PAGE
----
Former budget director calls for entitlement spending cuts, other 'hard decisions'

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Blaine Friedlander

Saying that current American policies are impeding "our ability to compete in the world," former Congressional Budget Office (CBO) director Douglas Holtz-Eakin spoke out against entitlement spending and taxation Feb. 17 in a lecture sponsored by the Cornell Program on Freedom and Free Societies.

"The last five years have been a critical moment in our nation's history [and in the future], we must maximize the rate of growth of the American economy in every way," said Holtz-Eakin, who also served as chief economic policy adviser for Sen. John McCain's 2008 presidential campaign. "It is extremely unlikely that we will see the American consumer power a recovery, [as] state and local governments are in terrible shape, and federal budgets are in dismal shape."

Speaking in Martha van Rensselaer Hall, Holtz-Eakin pinpointed increases in health care spending as the source of his concern over the budget. CBO projections call for 8 percent annual increases in Medicare and Medicaid costs "as far as the eye can see," and 6 percent yearly jumps in Social Security spending. Due in large part to these spending increases, "the debt-to-GDP ratio will rise from 40 percent in 2008 to 90 percent in 2020," he said. "Ninety percent is the level at which credit begins to get cut off."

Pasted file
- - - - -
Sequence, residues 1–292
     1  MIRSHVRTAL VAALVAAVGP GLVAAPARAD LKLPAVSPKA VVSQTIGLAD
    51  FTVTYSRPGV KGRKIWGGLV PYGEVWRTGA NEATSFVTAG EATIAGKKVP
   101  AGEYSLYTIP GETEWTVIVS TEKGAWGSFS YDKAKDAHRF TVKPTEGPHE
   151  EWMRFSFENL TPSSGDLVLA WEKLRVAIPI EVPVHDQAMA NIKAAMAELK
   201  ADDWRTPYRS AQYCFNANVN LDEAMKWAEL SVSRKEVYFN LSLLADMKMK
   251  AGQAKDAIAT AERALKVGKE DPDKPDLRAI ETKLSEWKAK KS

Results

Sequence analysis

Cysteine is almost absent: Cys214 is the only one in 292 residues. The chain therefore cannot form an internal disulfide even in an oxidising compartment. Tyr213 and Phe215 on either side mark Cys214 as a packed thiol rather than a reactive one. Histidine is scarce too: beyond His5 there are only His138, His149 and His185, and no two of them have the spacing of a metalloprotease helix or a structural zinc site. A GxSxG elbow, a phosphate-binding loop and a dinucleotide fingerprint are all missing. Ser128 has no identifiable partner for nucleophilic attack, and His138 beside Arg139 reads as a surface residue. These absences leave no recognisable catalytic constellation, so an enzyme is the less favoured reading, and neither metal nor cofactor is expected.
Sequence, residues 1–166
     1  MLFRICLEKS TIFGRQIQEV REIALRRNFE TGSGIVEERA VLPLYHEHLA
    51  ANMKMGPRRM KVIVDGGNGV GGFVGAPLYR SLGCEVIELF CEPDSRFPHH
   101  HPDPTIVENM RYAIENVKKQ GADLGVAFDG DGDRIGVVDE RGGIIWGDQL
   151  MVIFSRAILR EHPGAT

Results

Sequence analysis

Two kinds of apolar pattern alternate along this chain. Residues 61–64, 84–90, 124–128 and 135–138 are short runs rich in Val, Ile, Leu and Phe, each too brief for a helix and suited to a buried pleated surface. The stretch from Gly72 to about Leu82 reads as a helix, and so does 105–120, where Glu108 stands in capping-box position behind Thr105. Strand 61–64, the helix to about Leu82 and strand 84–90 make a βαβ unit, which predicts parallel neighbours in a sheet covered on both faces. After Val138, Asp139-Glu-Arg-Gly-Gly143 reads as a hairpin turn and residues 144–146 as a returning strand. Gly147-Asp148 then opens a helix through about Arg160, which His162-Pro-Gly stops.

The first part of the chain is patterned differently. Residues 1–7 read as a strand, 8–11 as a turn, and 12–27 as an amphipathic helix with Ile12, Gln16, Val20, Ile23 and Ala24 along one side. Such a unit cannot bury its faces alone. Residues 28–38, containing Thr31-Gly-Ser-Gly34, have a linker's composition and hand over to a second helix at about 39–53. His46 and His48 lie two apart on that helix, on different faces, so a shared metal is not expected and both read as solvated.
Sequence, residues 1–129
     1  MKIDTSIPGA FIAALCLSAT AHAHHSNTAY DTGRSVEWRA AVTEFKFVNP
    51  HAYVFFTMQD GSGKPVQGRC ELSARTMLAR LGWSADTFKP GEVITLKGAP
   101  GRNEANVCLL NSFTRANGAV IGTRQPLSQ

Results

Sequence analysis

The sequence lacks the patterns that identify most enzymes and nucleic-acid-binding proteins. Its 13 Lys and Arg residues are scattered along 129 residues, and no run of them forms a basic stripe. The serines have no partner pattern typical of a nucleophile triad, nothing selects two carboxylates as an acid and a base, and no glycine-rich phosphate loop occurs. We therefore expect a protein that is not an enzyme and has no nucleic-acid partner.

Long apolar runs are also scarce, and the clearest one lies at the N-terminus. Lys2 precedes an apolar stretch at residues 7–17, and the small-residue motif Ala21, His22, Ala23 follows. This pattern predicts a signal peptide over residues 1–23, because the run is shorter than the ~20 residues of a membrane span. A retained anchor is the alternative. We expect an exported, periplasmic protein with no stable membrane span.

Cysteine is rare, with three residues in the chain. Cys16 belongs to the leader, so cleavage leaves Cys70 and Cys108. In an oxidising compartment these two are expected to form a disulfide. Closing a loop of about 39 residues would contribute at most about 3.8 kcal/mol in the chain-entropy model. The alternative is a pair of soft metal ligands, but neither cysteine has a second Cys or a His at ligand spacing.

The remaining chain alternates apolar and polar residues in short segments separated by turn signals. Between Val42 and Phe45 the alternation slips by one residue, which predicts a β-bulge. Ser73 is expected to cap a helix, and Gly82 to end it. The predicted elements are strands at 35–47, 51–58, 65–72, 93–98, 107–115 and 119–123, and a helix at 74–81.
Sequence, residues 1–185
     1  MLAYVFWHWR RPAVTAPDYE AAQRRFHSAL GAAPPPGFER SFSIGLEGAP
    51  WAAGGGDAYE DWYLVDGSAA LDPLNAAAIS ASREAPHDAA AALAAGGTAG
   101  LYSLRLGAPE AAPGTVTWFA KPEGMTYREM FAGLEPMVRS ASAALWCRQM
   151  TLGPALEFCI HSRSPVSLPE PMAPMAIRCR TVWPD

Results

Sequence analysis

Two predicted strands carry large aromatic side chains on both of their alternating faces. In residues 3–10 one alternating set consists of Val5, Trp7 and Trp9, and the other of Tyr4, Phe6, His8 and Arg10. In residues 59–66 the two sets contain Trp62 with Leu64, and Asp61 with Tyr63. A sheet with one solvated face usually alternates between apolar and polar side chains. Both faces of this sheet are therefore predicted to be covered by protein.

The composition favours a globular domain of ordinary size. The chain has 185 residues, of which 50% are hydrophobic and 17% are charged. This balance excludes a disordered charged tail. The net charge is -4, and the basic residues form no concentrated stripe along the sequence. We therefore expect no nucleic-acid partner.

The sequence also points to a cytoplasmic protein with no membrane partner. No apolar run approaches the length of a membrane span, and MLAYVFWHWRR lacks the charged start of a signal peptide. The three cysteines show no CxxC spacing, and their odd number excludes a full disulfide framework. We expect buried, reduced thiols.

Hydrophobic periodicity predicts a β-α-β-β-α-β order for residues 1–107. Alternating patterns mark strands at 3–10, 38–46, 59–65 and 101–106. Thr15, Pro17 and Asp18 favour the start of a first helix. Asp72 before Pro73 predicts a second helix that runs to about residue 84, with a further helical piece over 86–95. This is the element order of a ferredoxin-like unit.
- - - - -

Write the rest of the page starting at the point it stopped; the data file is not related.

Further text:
Holtz-Eakin called for "hard decisions" on federal spending to bring down the $1.3 trillion budget deficit, and he urged for greater involvement of private enterprise in public services. "Medicare is so broke that half the people in it can't see a primary care practitioner and one-third can't see a specialist. These are programs that are not working to meet the health care needs of people in America ... Medicare drives the fragmentation of health care in America," he said.

The theme of diminishing American competitiveness resurfaced in Holtz-Eakin's discussion of corporate tax rates. "We have a terrible tax system that is unfair and hurting us internationally," he said. "The U.S. is the last country on the globe to tax its multinational companies on the basis of worldwide income, with the bonus that we have the highest corporate tax rate in the globe."

In addition, he said, low-income American employees of these corporations are most affected by these policies; they are "crowded out of the labor market" by high tax burdens.

Ultimately, Holtz-Eakin concluded, if the United States does not implement sweeping reforms, its position as the world's dominant power will be jeopardized. "In order for the United States to be able to project its values around the globe," Holtz-Eakin said, "[we are] ultimately dependent on the size and strength of our economy. It is absolutely the case that many countries do not share our values, and that our negotiation power" in future conflicts will be diminished.

Holtz-Eakin served on the Council of Economic Advisers under Presidents George H.W. Bush and George W. Bush. After serving at the CBO from 2003-05 and on McCain's presidential campaign, he was a member of the Financial Crisis Inquiry Forum, a committee set up to investigate the 2008 financial crisis. He is president and founder of the conservative think tank American Action Forum.

His talk was sponsored by The Program on Freedom and Free Societies at Cornell.

Shashwat Samudra '14 is a writer intern for the Cornell Chronicle.


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